The Journal Gazette
 
 
Friday, January 21, 2022 1:00 am

World

Aid flights able to land in Tonga

Associated Press

The first flights carrying fresh water and other aid to Tonga finally arrived Thursday after the Pacific nation's main airport runway was cleared of ash left by a huge volcanic eruption.

New Zealand and Australia each sent military transport planes that were carrying water containers, kits for temporary shelters, generators, hygiene supplies and communications equipment. The Australian plane also had a special sweeper to help keep the runway clear.

U.N. humanitarian officials report that about 84,000 people – more than 80% of Tonga's population – have been affected by the eruption, U.N. spokesman Stéphane Dujarric said, pointing to three deaths, injuries, loss of homes and polluted water. Communications remain limited after Saturday's eruption and tsunami appeared to have broken the single fiber-optic cable that connects Tonga with the rest of the world.

The deliveries were dropped off with extra precautions to prevent the spread of coronavirus. Tonga has reported just a single case since the pandemic began.

Stampede leaves at least 29 killed

At least 29 people, including 11 children and a pregnant woman, died in a stampede of worshippers at a Christian ceremony in a densely populated area of the capital, Monrovia, officials said Thursday.

The stampede erupted when a gang of thugs armed with knives attacked some of the hundreds attending the ceremony about 9 p.m. Wednesday, police spokesman Moses Carter told The Associated Press.

One person has been arrested, he said. The Rev. Abraham Kromah who was holding the ceremony and who runs a church in the New Georgia township of Monrovia was also brought in for questioning about the incident, police said.

Munich abuse report names Benedict

A long-awaited report on sexual abuse in Germany's Munich diocese on Thursday faulted retired Pope Benedict XVI's handling of four cases when he was archbishop in the 1970s and 1980s. The law firm that drew up the report said Benedict strongly denies any wrongdoing.

The findings were sure to reignite criticism of Benedict's record more than a decade after the first, and until Thursday only, known case involving him was made public.

The archdiocese commissioned the report from law firm Westpfahl Spilker Wastl nearly two years ago, with a mandate to look into abuse between 1945 and 2019 and whether church officials handled allegations correctly. The law firm examined church files and spoke to witnesses.

US charges Belarusians with piracy

U.S. prosecutors charged four Belarusian government officials Thursday with aircraft piracy for diverting a Ryanair flight last year to arrest an opposition journalist, using a ruse that there was a bomb threat.

The charges, announced by federal prosecutors in New York, recounted how a regularly scheduled passenger plane traveling between Athens, Greece, and Vilnius, Lithuania, on May 23 was diverted to Minsk, Belarus.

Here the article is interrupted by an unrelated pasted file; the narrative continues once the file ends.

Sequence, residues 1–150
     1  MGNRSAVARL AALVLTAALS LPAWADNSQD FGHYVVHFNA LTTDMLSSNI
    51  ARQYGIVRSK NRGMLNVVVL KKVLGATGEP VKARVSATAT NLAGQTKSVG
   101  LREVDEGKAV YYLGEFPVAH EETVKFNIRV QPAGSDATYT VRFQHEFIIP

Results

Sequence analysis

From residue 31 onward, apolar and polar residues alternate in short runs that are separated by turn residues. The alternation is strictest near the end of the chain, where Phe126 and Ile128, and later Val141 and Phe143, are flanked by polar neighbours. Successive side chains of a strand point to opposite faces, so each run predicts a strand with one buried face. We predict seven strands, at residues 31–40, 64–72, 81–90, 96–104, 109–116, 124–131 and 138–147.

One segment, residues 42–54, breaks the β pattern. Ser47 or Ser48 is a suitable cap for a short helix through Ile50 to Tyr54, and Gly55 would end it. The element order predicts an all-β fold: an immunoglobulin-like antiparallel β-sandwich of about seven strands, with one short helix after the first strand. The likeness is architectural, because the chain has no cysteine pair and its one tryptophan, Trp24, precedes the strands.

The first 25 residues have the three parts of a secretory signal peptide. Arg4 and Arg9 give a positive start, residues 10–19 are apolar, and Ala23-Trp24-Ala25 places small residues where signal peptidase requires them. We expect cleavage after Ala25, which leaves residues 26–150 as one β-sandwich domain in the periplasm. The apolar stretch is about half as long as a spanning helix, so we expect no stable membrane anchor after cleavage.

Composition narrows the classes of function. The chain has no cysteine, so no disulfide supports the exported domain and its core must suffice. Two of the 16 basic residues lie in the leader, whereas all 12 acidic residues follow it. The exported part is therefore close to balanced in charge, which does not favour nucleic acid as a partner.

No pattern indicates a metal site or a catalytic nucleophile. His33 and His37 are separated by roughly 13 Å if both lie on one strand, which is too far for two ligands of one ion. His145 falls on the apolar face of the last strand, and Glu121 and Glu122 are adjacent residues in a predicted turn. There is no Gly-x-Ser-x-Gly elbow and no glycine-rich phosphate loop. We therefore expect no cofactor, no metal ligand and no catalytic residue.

Ryanair said Belarusian flight controllers told the pilots there was a bomb threat against the jetliner and ordered it to land in Minsk. The Belarusian military scrambled a MiG-29 fighter jet in an apparent attempt to encourage the crew to comply with the flight controllers' orders.

UN: Food in Tigray region almost gone

The United Nations says food distribution in Ethiopia's blockaded Tigray region has reached its “all-time lowest” while more than 50,000 children are thought to be severely malnourished, the latest sign of growing crisis amid efforts to end the country's 14-month war.

Thursday's update by the U.N. humanitarian agency says food aid stocks and fuel are “almost entirely exhausted” in the region of some 6 million people, where a government blockade was imposed in late June to keep supplies from reaching Tigray forces battling Ethiopian and allied troops.

Norway mass murderer seeks parole

A prosecutor in Norway said Thursday that a far-right extremist who killed 77 people in 2011 still is “a very dangerous man” and therefore a poor candidate for release after 10 years in prison, as Norwegian law permits.

On the final day of a three-day parole hearing, prosecutor Hulda Karlsdottir said in her closing argument that Anders Behring Breivik “has not shown any genuine remorse in court” and his behavior there is part of a “PR stunt.”

Breivik professed white supremacist views and flashed Nazi salutes on the hearing's opening day, while claiming to have renounced violence. He repeated again Thursday, as he was given the last word as the hearing closed, that he was refraining from violence.

Deaths from 'superbugs' on rise

Antibiotic-resistant germs caused more than 1.2 million deaths globally in one year, according to new research that suggests that these “superbugs” have joined the ranks of the world's leading infectious disease killers.

The new estimate, published Thursday in the medical journal Lancet, is not a complete count of such deaths, but rather an attempt to fill in gaps from countries that report little or no data on the germs' toll.

Antimicrobial resistance happens when germs like bacteria and fungi gain the power to fight off the drugs that were designed to kill them. The problem is not new, but attention to it has grown amid worries about a lack of new drugs to fight the germs.


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